What does this mean? Greater than one, or less than one?

Since the open end of an equality sign usually means “greater”, it seems to suggest that means greater than 1. However a friend of mine who is better at math assures me that this means it is LESS than one.

The number 1 is right next to the part of the equality that means more or “Greater than”. So that would mean its greater than 1 right?

Also lets assume the way it is in some math problems that a number not being there, does not nescessaily mean there is no number. Like the way a lone X variable in algebra, with nothing else there, usally is assumed to be one.

So lets assume on the other (blank)side of that equality is a Zero.

Okay, the < and > signs are very simple. Whatever is on the open side is the GREATER number.

So for instance:

0<1 means 0 is LESS THAN 1, you could say that 1 is GREATER THAN 0 with that as well, but generally since you read left to right you’d start with the 0. 1 > 0 would be the proper way to write 1 is GREATER THAN 0.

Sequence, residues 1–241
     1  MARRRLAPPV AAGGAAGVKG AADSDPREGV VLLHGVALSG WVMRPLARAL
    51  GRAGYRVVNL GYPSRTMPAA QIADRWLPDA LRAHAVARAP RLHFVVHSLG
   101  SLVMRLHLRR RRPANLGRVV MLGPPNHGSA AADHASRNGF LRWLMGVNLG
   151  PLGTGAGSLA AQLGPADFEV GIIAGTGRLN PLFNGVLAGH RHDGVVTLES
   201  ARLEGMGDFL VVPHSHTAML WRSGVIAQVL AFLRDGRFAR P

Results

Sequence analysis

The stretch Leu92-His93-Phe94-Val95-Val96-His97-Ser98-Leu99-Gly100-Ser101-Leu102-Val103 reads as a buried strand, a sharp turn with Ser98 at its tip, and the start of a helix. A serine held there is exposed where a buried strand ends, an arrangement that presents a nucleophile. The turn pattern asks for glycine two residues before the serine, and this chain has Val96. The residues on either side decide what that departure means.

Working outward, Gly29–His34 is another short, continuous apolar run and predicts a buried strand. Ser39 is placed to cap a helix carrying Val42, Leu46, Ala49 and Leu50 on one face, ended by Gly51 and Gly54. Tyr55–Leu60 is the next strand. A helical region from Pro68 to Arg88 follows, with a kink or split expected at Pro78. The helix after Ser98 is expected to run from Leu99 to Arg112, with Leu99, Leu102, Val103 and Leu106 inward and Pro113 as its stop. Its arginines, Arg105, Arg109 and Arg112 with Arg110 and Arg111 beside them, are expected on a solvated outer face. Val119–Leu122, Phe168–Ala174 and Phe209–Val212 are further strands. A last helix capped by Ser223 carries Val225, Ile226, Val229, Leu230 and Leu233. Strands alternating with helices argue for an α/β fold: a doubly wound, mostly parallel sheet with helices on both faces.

So if it says <1 on a product, it means whatever the <1 is referring to in quantity or what have you is LESS THAN one.

Well excuseeeee me princess, for not being Mr. Perfect know-it-all lol.

Now i’ve definitely taken more than my share of math & algebra classes and passed them all. Sometimes i guess its just the simple things, or what should appear simple, that looks confusing.

What confuses me is the open end= Greater than, while the closed end= less than.

So if the 1 is right in front of the open end, that would mean the 1 is greater than.So it looked to me like <1 meant it is MORE/GREATER than one.

If this thread was posted one week later I would have voted it for troll thread of the year, and it would have been in January.

Lol at "Now i’ve definitely taken more than my share of math & algebra classes and passed them all. Sometimes i guess its just the simple things, or what should appear simple, that looks confusing. "

This is 9th grade shit how you passed if you don’t know this?